Effects of Mechanical Strain on Amorphous Silicon Thin-Film Transistors

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Effects of Mechanical Strain on Amorphous Silicon Thin-Film Transistors H. Gleskova1, S. Wagner1, W. Soboyejo2, and Z. Suo2 Princeton University, 1Department of Electrical Engineering, and 2Department of Mechanical and Aerospace Engineering, Princeton, NJ 08544 ABSTRACT We evaluated a-Si:H TFTs fabricated on polyimide foil under uniaxial compressive or tensile strain. The strain was induced by bending or stretching. All experiments confirmed that the on-current and hence the electron linear mobility depend on strain ε as µ = µ0 (1 + 26⋅ε), where tensile strain has a positive sign. Upon the application of stress the mobility changes instantly and then remains unchanged in measurements up to 40 hours. In the majority of the TFTs the off-current and leakage current do not change. In tension, the TFTs fail mechanically at a strain of ~ 3x10-2 but recover if the strain is released ‘immediately’.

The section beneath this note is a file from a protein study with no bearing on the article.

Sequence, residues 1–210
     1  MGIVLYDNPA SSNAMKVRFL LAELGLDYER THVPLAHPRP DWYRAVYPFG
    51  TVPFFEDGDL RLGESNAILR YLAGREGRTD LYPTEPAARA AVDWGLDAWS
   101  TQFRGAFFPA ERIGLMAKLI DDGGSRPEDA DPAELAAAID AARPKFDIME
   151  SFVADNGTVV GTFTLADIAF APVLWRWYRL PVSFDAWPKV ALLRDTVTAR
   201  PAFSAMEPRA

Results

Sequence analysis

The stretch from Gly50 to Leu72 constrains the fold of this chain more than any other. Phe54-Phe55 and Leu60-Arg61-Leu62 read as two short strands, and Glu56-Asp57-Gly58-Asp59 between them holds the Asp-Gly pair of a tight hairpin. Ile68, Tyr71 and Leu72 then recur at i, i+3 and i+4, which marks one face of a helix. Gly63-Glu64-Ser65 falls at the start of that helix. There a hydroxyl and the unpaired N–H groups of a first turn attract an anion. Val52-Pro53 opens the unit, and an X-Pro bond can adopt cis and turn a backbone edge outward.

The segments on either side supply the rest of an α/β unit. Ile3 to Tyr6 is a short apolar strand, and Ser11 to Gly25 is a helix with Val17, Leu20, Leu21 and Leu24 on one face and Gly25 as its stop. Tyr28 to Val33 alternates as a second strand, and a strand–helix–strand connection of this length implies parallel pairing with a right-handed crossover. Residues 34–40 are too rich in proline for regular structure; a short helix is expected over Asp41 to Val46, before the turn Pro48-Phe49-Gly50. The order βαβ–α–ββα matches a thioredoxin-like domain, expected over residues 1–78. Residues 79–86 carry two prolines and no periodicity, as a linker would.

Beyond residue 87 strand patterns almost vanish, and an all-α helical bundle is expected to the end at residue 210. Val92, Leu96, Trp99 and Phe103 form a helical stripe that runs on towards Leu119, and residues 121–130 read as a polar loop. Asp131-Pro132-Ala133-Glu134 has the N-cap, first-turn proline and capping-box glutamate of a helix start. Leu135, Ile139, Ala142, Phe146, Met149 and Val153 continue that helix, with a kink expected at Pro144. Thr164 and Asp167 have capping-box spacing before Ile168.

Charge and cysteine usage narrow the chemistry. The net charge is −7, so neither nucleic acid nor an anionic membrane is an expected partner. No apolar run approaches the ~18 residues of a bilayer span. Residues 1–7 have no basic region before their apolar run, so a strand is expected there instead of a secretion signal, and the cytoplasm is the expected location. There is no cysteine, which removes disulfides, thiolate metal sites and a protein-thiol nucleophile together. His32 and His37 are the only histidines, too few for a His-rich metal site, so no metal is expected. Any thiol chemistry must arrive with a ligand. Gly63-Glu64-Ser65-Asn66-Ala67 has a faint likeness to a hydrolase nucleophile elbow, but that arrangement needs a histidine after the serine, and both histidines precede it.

INTRODUCTION Novel display products, such as electronic paper, smart labels, and displays for vehicles, and future electronic application, such as sensor skins and electrotextiles, require flexible substrates. The traditional glass substrate must be replaced with foils of organic polymers or metals. Stainless steel foils are suitable as substrates for amorphous [1], nanocrystalline, and poly-silicon thin film transistors [2] without much change of present fabrication processes. Since steel is an electrical conductor and its surface roughness is much larger than that of glass, it must be electrically insulated and planarized by using, for example, spin-on-glass. Another large class of flexible substrates is organic polymers. Their low cost, transparency in the visible part of the light spectrum, and wide variety, are attractive attributes. However, in thin-film electronics other characteristics, such as chemical stability, high softening or glass transition temperature, a low coefficient of thermal expansion (comparable to that of the materials used for thin-film electronics), negligible shrinkage during circuit fabrication, small coefficient of humidity expansion, low solubility for water, low water and oxygen permeability, and small surface roughness, become important. The high-temperature polyimides meet many of these requirements well. All display applications mentioned above require some degree of bending. However, bending or draping will induce strain in the electronic circuits. Therefore, understanding the electrical performance of thin-film transistors (TFTs) when under mechanical strain becomes essential. Back-channel etch amorphous silicon thin-film transistors (a-Si:H TFTs) fabricated on 25 µm thick Kapton foil can be bent to very small radii of curvature [3]. However, they exhibit different behavior after being subjected to compressive (inward cylindrical bending) or tensile strain (outward bending). Fig. 1 depicts the changes in the on-current, source-gate leakage current, threshold voltage and electron mobility, normalized to their initial values, as a function of the applied strain. Under compression, no change was